Collaborative law

When many people get divorced, instinct might lead them to fear for the future, think their spouse will be out to get them, and want to retreat into their corner before they come out fighting.

The problems with this approach though are that it’s very expensive, takes far too long to resolve, the couple lose control of the process and they end up feeling little but animosity towards each other. Not a good idea when:

a. There are children, which means they’ll always have a link between them and will have to meet up at, say, weddings and christenings;
b. What money there is needs to be spent on the family more than on legal fees;
c. The longer it takes to resolve the deeper rooted the animosity becomes;
d. The right solution for them both might not fit into traditional solutions offered by courts and lawyers.

There are 4 main ways to resolve these disputes:

i. By application to court
ii. By negotiation through solicitors
iii. By going to mediation
iv. By doing it Collaboratively

The last option is a relatively new addition to these shores, the concept having been imported from America.

The idea is that you sign up to an agreement that you won’t go to court, and you’ll sort it out together with mutual respect. The lawyers (who have had specialist training) sign up to this too. Not only that, but if your lawyers can’t help you sort it out then you’ll have to sack them both and seek advice elsewhere.

Rather than exchange copious letters, most of the work gets done in a series of “4-way” meetings; that is, meetings attended by the couple together and the lawyers. Discussions include the children, interim sharing of income, and full financial agreement. It’s the job of the lawyers to make sure that the couple keep their discussions on track, have ownership of the settlement, properly support them both in the discussions, offer advice where appropriate (all advice is given openly) and then implement any agreement reached.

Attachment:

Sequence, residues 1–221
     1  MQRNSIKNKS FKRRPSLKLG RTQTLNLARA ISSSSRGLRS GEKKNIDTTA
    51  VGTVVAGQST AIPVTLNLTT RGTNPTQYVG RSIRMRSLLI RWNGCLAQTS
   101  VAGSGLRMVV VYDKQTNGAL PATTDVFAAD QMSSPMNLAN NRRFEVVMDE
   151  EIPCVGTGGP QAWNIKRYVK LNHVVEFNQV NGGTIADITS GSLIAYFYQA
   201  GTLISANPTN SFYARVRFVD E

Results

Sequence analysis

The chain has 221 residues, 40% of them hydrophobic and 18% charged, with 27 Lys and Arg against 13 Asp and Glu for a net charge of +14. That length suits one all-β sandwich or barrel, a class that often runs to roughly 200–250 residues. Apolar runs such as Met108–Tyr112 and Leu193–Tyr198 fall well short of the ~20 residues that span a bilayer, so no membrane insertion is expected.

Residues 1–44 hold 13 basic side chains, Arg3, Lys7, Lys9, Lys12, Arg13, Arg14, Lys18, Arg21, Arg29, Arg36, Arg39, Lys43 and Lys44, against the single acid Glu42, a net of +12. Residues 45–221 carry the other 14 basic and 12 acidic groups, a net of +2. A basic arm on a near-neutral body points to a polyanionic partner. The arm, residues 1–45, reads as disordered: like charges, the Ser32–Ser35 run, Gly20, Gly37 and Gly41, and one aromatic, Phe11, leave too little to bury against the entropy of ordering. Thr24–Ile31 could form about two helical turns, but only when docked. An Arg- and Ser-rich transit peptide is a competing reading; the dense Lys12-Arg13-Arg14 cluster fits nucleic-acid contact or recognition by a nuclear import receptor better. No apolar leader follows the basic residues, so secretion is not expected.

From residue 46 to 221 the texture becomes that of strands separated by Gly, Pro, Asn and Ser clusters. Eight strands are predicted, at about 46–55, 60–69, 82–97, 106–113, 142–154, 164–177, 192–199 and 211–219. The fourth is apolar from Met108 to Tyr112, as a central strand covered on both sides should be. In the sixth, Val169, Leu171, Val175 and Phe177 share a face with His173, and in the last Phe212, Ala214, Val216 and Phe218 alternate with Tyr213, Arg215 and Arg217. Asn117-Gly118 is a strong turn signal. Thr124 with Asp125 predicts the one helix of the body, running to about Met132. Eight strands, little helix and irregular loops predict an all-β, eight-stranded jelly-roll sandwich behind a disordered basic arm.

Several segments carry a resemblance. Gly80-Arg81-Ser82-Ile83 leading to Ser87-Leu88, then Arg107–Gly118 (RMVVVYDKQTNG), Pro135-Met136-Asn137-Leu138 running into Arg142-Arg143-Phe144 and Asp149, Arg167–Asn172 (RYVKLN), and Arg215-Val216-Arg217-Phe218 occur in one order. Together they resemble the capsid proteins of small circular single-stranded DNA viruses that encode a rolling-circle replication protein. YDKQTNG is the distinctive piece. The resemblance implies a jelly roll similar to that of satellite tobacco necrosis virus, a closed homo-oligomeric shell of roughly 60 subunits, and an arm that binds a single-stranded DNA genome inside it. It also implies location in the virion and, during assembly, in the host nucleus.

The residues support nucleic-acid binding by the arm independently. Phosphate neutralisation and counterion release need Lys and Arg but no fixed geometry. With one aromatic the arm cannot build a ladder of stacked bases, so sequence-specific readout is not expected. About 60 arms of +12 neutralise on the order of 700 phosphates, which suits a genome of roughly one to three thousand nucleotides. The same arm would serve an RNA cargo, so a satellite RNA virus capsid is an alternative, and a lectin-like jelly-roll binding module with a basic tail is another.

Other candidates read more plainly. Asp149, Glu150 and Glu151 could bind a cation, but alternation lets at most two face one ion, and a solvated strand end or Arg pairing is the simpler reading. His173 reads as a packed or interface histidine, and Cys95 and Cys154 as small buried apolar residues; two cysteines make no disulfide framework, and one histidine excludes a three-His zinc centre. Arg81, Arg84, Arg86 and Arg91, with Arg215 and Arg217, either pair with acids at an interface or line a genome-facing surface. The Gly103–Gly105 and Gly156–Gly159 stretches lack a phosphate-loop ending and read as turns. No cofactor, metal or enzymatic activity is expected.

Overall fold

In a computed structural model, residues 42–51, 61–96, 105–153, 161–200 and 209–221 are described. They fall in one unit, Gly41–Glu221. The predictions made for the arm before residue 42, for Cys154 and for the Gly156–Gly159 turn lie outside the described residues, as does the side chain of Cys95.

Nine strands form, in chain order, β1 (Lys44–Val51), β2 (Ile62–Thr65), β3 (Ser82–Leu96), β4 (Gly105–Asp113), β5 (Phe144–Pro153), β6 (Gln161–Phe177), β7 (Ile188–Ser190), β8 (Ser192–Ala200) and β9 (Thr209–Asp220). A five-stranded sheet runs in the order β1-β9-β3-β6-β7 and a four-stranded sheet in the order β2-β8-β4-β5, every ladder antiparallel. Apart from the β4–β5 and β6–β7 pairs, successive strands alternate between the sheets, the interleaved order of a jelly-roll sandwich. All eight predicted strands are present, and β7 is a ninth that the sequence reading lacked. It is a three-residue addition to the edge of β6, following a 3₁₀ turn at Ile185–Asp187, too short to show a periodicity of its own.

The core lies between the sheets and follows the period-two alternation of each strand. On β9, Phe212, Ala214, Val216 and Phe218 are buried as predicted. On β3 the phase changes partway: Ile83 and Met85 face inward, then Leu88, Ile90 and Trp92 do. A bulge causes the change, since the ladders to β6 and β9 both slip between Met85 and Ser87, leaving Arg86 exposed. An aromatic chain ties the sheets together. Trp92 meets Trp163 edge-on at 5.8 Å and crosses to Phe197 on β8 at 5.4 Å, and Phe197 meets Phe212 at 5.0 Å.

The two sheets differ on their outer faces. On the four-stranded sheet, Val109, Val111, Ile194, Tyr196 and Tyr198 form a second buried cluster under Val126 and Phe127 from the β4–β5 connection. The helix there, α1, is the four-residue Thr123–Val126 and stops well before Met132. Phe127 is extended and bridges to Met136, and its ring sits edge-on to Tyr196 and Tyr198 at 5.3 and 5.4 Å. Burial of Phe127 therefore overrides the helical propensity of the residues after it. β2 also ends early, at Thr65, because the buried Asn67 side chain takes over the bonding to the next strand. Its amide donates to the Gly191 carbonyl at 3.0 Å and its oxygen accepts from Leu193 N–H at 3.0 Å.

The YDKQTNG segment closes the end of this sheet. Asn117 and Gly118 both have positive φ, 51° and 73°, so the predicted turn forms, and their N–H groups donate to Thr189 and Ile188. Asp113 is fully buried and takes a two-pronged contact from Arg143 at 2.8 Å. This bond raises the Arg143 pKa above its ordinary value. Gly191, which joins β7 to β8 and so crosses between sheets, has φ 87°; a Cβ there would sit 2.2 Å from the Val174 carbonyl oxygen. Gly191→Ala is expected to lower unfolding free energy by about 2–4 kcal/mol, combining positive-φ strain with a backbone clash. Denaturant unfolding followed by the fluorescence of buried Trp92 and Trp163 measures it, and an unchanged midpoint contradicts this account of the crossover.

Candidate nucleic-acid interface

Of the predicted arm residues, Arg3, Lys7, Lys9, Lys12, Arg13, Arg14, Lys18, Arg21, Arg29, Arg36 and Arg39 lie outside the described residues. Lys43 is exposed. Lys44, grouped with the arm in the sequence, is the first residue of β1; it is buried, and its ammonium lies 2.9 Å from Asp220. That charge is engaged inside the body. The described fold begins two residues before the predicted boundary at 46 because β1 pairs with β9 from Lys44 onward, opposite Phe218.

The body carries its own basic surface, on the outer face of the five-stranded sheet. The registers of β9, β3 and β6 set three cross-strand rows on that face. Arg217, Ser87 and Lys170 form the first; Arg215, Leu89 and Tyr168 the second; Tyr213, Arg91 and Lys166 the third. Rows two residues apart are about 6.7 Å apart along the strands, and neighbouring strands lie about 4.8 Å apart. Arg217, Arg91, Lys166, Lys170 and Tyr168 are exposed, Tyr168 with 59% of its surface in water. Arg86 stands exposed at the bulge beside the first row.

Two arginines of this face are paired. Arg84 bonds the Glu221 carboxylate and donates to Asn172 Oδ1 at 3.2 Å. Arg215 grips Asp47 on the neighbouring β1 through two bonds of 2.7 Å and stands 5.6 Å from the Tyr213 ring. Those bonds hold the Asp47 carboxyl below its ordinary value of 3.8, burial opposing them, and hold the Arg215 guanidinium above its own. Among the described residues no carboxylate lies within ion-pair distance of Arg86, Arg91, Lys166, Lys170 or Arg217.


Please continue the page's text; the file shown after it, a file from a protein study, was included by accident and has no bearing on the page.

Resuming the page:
And the results are impressive. Anecdotally, something like 98% of cases are fully resolved using the Collaborative approach. Granted, more than 90% of non-collaborative cases are resolved without going to a full trial in court, but if the court is involved (and often if it’s not) that’s usually 6-12 months down the line, and after many hurtful claims have been made by both parties (not to mention the cost). It’s far better to resolve these things before bridges are burned and missiles launched.

Collaboration isn’t for everyone. It takes two to want to do it. But where it happens, settlements are reached far more rapidly than involving the court, and with so much value added.

What a difference a change in approach makes.

Andrew Lee

Andrew is a Collaborative Family Lawyer, and a Senior Associate Solicitor at Gregory Abrams Davidson. To contact: Tel 0151 236 5000/ 0151 330 0734: